However, when it came to townspeople, they protected folks who, under different circumstances, might have met with their disapproval. I suspect I was in that category - a smart-aleck city girl. But I was happy to write their stories in my newspaper, and they were pleased to see their names in print. When I was visibly pregnant with my son and on the road selling advertising, the owner of the gas station (who was also the volunteer fire chief) gave me gas for free. When I skirted the line with the women of the Assembly of God Church, they had a mass-pray-in for my personal benefit and salvation.

It was a culture of acceptance. A place where what you did counted more than color, or creed, or your choice of a partner. Paupers shared a table at the cafe or the local saloon with the prosperous residents of the town.

With the place and people embedded forever in my memory, it was thrilling to bring them back into my world with the writing of "The Song of Jackass Creek." Readers say, "They seem so real!" That's because they are.


Check out The Song of Jackass Creek reviews HERE…


Friends and Readers,

A note about most of us, for better and worse, in the Arts. I think we long to share our thoughts and creations - and without you, we are lonely. Imagine, you wrote a beautiful piece of music and no one but you (and perhaps your cat) ever got to hear it. Or painted a picture that no one else but you ever saw, or wrote a story that no one but you read. Sharing is everything for people in the arts and your support is fundamental to the continued creativity of all artists. So, Thank you! 

Hey! Check out this awesome article by popular columnist Ed Goldman - it's about moi! Also subscribe to his clever, witty and smart blog!  

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My Mountain Mystery

My book has gotten fab reviews on Amazon! I am so excited readers like the characters, the setting, the plot - minus lots of graphic violence. 

If you are fond of 'cozy' mysteries please read The Song of Jackass Creek. Check out Reviews HERE.

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Short Story Collection 

Twisted is - twisted! And Gypsy's Wedding - well, you just have to be there!  Click on the books to see more ... 

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Sample Amazon Reviews

This is an excellent writer!

Darby Patterson is truly a talented writer. She describes this little town sweetly without boring the reader with unimportant detail, and her descriptions are vivid. She also develops her characters fully through conversation and action so the reader becomes acquainted with the main players and can form pictures of them early in the book. Her characters' thoughts, interactions, and past activities combine to portray the culture of Redbud throughout the story, and the story itself is creative and holds surprises along the way. I too hope Ms Patterson continues to share her talents with us!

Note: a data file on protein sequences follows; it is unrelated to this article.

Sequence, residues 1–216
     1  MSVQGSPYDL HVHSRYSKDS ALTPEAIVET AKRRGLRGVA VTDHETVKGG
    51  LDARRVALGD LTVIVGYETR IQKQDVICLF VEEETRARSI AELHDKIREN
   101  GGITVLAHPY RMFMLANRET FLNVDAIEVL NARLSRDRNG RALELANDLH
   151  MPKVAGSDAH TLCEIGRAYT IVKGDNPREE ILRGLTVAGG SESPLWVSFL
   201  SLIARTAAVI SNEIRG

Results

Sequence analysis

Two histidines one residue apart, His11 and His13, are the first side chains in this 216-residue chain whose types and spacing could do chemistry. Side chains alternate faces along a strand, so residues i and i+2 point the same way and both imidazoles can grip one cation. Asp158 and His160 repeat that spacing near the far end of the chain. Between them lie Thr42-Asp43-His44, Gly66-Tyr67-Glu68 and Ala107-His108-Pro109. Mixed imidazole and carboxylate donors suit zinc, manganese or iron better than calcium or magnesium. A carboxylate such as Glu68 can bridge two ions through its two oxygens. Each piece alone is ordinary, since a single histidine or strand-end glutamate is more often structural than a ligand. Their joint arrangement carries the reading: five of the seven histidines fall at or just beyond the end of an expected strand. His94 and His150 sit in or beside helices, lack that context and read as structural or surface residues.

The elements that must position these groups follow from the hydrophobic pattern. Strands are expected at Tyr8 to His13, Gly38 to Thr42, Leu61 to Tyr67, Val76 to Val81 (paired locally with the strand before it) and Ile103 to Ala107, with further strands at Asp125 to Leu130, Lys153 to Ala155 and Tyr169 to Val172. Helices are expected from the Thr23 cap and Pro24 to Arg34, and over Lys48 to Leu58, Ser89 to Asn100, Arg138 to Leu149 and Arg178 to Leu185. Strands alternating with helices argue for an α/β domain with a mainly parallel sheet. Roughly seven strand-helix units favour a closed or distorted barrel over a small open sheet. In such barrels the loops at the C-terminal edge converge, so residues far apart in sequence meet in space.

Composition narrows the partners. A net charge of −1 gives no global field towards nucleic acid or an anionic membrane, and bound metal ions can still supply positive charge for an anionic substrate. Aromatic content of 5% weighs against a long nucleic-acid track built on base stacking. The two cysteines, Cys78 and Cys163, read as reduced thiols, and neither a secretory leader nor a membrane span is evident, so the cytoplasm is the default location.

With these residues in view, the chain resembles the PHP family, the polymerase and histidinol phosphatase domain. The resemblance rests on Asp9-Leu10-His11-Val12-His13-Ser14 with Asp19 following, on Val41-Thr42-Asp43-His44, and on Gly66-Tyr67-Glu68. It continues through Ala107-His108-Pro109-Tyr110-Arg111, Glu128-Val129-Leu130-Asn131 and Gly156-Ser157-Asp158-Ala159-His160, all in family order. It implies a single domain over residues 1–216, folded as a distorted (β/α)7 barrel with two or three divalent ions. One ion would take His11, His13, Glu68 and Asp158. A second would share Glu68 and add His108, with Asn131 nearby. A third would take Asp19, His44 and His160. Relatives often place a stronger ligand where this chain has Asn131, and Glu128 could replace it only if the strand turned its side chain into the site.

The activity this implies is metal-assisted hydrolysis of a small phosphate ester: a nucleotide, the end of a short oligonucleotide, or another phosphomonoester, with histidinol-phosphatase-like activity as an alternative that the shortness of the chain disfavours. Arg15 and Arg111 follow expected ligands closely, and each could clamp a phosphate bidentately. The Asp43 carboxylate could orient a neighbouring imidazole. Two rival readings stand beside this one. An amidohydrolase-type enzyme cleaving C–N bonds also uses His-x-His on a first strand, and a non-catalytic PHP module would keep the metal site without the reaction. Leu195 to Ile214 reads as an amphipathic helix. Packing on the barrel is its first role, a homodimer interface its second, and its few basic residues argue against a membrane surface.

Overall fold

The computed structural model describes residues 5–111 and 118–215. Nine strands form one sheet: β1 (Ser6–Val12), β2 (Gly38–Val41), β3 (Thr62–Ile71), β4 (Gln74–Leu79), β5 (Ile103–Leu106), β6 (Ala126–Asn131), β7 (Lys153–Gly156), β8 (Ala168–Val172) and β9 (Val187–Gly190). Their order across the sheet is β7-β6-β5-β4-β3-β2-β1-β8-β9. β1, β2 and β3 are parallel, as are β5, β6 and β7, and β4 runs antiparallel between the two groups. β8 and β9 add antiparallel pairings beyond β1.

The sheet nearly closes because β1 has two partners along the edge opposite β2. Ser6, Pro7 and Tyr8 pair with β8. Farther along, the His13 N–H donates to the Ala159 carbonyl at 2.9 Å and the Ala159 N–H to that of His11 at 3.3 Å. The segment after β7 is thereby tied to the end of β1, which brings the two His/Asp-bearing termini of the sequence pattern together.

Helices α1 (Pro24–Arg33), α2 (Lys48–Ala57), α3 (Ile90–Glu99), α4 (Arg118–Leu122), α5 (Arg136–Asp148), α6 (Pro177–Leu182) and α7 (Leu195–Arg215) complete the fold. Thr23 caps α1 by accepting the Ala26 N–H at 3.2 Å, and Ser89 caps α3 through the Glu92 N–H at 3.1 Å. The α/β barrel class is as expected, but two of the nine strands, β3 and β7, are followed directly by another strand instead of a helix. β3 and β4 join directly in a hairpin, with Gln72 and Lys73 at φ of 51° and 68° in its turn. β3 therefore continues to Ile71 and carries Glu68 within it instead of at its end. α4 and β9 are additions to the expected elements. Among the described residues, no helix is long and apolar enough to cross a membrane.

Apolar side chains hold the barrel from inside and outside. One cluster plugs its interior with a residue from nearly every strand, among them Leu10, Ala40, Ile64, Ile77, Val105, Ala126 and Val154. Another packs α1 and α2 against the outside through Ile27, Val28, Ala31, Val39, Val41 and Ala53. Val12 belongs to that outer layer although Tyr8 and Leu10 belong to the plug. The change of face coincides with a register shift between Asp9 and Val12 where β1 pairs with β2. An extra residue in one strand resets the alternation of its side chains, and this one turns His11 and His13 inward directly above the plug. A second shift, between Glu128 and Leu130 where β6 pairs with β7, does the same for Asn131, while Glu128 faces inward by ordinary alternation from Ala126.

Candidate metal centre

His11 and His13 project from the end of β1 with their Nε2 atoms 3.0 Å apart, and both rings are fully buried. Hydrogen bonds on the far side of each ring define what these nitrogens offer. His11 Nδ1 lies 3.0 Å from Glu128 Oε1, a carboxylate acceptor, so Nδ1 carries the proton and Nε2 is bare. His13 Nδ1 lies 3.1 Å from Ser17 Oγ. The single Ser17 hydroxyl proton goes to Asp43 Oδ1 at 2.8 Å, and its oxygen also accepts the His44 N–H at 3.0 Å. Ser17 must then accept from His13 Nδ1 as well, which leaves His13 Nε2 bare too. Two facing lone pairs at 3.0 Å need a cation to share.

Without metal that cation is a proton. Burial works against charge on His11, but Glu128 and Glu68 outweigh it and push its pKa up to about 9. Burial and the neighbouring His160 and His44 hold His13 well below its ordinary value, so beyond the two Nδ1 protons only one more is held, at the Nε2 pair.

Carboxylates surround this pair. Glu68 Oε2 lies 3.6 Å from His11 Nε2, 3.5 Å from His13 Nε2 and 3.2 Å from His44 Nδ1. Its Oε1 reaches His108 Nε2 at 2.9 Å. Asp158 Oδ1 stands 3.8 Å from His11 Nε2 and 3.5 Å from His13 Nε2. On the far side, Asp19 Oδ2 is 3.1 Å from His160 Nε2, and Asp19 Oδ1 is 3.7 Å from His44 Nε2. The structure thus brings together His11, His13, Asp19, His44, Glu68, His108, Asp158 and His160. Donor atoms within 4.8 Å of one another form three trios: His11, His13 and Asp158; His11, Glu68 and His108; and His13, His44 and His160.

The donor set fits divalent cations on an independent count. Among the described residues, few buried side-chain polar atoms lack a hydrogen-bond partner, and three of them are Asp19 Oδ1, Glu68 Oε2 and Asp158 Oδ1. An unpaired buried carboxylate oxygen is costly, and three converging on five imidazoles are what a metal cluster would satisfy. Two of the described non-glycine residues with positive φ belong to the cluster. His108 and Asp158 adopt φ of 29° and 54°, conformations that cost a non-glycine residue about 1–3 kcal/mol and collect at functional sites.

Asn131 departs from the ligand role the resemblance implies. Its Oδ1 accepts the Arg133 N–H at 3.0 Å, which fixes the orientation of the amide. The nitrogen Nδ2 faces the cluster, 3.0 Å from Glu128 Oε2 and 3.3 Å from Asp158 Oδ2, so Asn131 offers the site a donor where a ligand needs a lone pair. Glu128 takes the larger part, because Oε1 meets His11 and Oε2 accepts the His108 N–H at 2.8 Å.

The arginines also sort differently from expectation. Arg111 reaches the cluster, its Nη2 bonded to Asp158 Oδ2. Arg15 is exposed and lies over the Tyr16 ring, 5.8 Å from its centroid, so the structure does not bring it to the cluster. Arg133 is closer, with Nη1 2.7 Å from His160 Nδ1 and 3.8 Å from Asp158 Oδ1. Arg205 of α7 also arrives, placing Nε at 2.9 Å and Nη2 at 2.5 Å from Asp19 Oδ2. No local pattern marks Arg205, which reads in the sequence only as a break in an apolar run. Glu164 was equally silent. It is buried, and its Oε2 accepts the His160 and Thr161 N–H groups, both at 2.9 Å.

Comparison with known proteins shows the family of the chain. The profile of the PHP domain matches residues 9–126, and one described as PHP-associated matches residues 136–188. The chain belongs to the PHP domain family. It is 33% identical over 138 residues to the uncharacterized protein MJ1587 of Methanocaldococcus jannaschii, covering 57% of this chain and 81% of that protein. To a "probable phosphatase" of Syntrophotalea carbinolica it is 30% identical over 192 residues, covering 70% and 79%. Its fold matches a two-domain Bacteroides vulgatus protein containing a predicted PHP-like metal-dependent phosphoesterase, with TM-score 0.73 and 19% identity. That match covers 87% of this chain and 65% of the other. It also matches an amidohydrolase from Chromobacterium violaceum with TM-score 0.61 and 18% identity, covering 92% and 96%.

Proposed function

Sondra Jensen

Awaiting the next installment

An invitation to linger in this vanishing part of California which has so much history is writ on every page of this book. I've visited places like Redbud with a creek burbling in the background as gentle breezes sough through the pines and cedars. I've found them quaint and rich with fascinating local lore and history. Jesse, as publisher of the local weekly is very nicely sketched, the authors background as a journalist comes through clean and clear in developing him. This small California mining and logging town scrabbling to hang on, I liked very much as a setting. I wouldn't mind sitting down with Jesse and having a beer and help him solve his next mystery. The test of a good book is whether you'd be willing to read it again, later. This book passes that test and I can't wait for the next installment.

Jack Howard


Please let this be the first of a series!

Wonderful book; adult without being ‘R’ rated, complex story and well developed characters. The people of ‘Redbud’ ring true and, as a native Californian, the lumber, real estate and politics are spot on. I hope this is the beginning of a series because the author has created characters you want to know better.

D. Holmes

My other passion
Sculpting for bronze - See more HERE